For the reasons outlined above, the hospitals’ psycho-social services staff are not adequately prepared for such complex interventions, and interventions that start too early are often unsuccessful [2]. A characteristic of the presented intervention in contrast to existing services is the “active outreach approach” with the aim to minimize barriers to support access. It is expected that through family-SCOUT, families can overcome some of the challenges they face after a cancer diagnosis is given to one of the parents. The characteristics of family-SCOUT, especially the low-threshold access, reduce barriers for families to take up the service, increases a broad acceptance amongst families, and reach families who previously had no access to support services. Currently poorly developed inter-sectoral links between the different service providers involved often lead to uncoordinated and structurally insufficient care for the families. This phenomenon is further accentuated by the heterogeneity of care structures involved as well as the fact that they are mostly based on local initiatives with variable goals [8]. It is therefore necessary to evaluate and establish approaches for comprehensive, structured care for families with minor children and parental cancer approaches that also can be flexibly adapted to the individual needs of all family members. Therefore, the concept of family-SCOUT is designed to meet the specific needs of the families and offers an entire range of support; ranging from support regarding social and financial issues, to application support for domestic help, or promotion of disease management among parents and children. Most existing support services are severely restricted in time and manpower and consequently, their provided service is unstable, non-continuous, and often restricted to the treatment of the affected cancer patient within a respective institution. Consequently, psychological burdens on the children that develop and/or manifest themselves later in the course of the disease or years thereafter are neither registered nor treated [8]. The innovative intervention approach of family-SCOUT is capable of relieving existing structural deficiencies for affected families and providing timely, needs-adjusted access to adequate support in a structured way. It can be assumed that this will be able to reduce the number of psychological sequelae and the associated healthcare costs for all members of the family.

Limitations and generalizability

The study design is non-randomized and non-blinded. This might cause a bias between IG and CG, which could affect the main effect of the primary outcome. Differences in distributions of baseline variables between IG and CG will be discussed carefully. Some families that meet the inclusion criteria will not be included due to missing informed consent. Reasons for initial non-response will be documented. There might represent a selection bias in terms of greater enrolment of families who have time and resources to participate, although the outreaching time-flexible concept tries to counteract this. As the primary research data is based on a self-completion questionnaire survey, there might be a selection bias in terms of higher educated families with sufficient German language skills or without migration history. Families from the CG might be more likely to drop out than families from the intervention group, as a greater benefit can be expected there. At the time of inclusion, the affected parents may be at different stages of the disease. Patients may have been diagnosed with cancer only recently, and others may be post-recurrence, while another group may be in a palliative situation. Estimated effects and costs in the subpopulation with SHI data might be biased from this selection. In addition, the study recruits participants at four locations within Germany, which are located in immediate proximity, limiting the external validity. Caution should be applied with respect to generalizing the results.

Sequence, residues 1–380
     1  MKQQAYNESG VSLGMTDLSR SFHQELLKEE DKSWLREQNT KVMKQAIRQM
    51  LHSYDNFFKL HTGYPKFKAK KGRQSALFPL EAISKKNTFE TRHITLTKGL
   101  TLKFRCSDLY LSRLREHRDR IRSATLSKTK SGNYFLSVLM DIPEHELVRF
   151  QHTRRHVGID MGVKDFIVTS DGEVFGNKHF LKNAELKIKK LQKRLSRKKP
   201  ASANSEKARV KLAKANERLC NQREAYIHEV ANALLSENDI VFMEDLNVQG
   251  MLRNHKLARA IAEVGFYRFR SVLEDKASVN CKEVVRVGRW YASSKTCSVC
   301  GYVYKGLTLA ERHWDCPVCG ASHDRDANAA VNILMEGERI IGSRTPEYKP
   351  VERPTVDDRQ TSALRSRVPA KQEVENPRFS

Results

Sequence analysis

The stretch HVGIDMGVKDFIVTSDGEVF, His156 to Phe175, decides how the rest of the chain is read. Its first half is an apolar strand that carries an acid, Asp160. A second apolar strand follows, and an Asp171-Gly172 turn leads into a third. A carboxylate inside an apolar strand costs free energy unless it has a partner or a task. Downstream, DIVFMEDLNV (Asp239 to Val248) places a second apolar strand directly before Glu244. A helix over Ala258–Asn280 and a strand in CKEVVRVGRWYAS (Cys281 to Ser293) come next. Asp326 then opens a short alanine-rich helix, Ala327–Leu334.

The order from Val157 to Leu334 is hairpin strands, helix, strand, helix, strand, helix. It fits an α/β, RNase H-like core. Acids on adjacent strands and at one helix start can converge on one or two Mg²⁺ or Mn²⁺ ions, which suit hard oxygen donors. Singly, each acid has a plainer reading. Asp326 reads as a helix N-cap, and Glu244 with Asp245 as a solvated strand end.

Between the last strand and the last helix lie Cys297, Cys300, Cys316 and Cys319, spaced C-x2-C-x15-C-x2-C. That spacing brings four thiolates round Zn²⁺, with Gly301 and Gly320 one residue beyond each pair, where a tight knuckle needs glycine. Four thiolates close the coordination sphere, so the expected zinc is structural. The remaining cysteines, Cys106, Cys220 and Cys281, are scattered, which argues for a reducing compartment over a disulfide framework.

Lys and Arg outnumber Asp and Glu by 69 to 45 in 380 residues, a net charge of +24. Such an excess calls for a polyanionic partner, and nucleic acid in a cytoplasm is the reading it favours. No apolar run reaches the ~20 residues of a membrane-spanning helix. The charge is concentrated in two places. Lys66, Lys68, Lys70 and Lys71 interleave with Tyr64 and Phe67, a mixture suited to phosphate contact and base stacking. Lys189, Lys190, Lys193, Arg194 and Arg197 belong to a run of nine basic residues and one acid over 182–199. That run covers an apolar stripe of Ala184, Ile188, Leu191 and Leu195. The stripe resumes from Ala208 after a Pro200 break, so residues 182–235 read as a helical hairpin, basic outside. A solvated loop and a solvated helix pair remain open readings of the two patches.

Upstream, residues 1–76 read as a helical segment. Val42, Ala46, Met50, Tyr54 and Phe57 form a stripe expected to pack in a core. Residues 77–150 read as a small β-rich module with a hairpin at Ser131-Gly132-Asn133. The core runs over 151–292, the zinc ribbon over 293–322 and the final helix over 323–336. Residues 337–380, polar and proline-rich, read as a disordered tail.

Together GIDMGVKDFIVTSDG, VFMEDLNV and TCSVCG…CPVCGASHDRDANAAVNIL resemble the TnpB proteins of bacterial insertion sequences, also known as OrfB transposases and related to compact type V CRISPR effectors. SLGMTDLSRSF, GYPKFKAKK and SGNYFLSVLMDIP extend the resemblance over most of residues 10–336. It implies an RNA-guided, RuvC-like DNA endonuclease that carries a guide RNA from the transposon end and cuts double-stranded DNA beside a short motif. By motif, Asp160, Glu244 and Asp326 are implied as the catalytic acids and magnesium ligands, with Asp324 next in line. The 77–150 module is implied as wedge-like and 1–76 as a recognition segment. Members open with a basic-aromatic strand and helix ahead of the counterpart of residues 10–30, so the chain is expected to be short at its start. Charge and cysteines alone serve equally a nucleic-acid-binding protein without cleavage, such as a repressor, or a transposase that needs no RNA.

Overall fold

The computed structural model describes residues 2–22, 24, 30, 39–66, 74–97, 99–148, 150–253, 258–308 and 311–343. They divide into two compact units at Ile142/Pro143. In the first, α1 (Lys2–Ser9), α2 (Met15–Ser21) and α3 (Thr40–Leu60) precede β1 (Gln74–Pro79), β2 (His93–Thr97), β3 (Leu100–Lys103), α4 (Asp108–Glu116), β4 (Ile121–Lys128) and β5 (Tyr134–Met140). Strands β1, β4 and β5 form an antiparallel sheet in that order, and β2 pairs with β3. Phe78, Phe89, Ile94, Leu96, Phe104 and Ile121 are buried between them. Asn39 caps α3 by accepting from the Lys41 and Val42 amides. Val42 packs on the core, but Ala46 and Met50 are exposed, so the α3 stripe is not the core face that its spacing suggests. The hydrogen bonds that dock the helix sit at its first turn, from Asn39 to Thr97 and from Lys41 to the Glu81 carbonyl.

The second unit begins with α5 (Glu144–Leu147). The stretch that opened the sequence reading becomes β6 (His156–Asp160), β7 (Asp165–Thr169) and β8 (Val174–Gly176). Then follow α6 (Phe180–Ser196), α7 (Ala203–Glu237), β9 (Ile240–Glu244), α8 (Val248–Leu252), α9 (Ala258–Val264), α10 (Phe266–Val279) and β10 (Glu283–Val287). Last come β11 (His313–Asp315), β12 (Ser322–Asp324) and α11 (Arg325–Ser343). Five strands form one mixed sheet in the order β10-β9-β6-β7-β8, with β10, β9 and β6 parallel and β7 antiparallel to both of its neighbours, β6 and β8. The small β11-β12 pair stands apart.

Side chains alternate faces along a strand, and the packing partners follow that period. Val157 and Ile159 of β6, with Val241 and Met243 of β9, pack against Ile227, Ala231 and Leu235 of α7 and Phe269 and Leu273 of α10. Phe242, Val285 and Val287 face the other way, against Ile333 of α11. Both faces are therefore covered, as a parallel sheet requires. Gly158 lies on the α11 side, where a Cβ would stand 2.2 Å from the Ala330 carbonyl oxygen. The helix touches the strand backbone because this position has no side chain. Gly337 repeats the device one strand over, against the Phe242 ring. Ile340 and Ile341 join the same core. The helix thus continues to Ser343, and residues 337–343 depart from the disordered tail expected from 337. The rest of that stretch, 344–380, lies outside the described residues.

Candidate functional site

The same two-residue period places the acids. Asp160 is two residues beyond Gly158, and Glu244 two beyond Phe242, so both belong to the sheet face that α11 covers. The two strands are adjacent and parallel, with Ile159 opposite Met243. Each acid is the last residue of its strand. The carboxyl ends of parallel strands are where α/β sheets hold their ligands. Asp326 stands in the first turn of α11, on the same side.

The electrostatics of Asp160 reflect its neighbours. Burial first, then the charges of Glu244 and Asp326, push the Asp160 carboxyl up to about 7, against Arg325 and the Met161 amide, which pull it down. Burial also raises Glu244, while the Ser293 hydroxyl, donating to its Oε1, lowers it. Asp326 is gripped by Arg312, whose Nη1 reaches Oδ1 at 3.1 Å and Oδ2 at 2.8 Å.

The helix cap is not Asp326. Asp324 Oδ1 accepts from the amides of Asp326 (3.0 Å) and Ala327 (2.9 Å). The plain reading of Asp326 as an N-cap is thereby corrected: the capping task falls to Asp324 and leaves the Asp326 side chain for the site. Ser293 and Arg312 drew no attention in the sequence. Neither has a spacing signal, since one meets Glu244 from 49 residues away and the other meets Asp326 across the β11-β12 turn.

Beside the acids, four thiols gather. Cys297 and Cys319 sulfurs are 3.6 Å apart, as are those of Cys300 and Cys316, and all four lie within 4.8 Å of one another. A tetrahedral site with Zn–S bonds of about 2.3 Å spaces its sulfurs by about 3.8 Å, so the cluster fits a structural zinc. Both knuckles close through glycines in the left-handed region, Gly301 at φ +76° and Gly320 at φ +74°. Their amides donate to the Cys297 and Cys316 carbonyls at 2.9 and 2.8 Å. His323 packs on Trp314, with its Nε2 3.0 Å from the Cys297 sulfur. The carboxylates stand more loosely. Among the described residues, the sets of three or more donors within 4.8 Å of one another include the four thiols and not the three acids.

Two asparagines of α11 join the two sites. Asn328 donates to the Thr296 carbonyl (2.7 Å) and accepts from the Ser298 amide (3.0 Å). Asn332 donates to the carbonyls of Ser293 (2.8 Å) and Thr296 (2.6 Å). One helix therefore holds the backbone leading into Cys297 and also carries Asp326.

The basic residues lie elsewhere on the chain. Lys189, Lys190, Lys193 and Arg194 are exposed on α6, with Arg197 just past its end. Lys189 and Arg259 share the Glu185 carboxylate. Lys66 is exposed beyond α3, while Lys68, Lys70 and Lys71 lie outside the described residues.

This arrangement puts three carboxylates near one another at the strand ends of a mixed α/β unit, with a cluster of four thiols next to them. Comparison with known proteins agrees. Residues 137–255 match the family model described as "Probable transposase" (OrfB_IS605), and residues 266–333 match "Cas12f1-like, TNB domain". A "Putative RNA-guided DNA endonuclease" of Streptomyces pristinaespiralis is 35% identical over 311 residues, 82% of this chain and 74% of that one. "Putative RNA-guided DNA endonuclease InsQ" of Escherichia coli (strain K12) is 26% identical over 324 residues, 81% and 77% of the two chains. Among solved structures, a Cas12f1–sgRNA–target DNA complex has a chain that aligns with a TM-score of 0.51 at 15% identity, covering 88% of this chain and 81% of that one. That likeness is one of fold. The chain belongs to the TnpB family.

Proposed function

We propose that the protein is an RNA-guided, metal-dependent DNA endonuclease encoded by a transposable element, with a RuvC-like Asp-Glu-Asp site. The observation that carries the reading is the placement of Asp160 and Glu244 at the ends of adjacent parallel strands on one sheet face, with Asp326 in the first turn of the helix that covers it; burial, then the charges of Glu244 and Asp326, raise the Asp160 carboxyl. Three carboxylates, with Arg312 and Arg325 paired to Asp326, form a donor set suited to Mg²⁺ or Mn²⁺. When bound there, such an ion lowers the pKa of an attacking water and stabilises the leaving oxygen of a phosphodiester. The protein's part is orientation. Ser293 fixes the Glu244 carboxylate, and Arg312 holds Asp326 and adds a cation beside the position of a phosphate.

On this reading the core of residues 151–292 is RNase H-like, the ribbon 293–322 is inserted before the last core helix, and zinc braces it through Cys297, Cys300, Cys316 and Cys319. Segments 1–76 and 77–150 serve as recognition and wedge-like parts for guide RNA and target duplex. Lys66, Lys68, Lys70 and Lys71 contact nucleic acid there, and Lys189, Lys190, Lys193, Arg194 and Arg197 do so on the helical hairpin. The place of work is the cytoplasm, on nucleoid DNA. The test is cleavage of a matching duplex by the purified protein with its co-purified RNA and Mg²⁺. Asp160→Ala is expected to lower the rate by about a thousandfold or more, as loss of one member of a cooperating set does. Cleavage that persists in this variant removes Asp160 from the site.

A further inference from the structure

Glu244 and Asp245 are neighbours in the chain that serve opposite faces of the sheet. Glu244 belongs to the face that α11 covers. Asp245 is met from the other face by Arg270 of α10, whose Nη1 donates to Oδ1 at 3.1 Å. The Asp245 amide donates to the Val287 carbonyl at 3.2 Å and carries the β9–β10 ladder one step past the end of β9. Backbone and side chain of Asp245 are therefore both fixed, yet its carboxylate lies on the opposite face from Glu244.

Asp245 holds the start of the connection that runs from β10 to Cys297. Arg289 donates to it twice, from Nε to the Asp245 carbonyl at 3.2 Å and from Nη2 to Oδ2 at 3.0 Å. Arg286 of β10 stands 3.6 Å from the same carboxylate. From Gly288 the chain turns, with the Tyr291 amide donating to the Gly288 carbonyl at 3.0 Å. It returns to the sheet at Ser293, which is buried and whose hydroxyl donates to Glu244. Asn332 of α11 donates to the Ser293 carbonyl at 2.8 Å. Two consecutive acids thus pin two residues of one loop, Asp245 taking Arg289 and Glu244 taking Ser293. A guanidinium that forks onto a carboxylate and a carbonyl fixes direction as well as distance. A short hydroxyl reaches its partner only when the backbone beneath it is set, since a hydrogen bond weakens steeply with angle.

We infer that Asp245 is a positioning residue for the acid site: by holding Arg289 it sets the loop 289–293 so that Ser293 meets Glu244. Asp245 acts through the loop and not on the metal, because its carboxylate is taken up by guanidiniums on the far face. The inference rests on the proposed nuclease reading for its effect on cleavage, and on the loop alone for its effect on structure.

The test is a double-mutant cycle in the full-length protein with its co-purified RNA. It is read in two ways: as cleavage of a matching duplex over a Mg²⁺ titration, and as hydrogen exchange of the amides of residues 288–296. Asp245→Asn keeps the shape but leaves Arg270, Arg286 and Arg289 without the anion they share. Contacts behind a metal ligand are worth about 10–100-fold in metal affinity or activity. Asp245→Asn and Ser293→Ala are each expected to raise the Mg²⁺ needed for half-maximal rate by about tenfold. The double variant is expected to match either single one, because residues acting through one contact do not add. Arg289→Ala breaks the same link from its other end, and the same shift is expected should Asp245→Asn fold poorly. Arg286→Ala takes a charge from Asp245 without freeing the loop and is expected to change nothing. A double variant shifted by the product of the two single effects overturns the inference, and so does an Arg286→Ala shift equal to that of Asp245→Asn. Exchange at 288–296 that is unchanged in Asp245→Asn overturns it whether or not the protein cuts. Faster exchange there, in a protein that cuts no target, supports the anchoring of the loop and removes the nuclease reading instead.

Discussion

Trial status

Recruitment of participants for the study commenced in October 2018, and the first family was included on October 9, 2018. On September 29, 2020, 406 families have been assigned, 216 into IG and 190 to CG; currently, 45 families have participated in the semi-structured interviews. The estimated enrollment period, including recruitment and inclusion, is anticipated to be 27 months (December 31, 2020) and will conclude, when the estimated sample size has been included. The version number and date of the protocol are v1.0 and July 6, 2018, respectively.

Availability of data and materials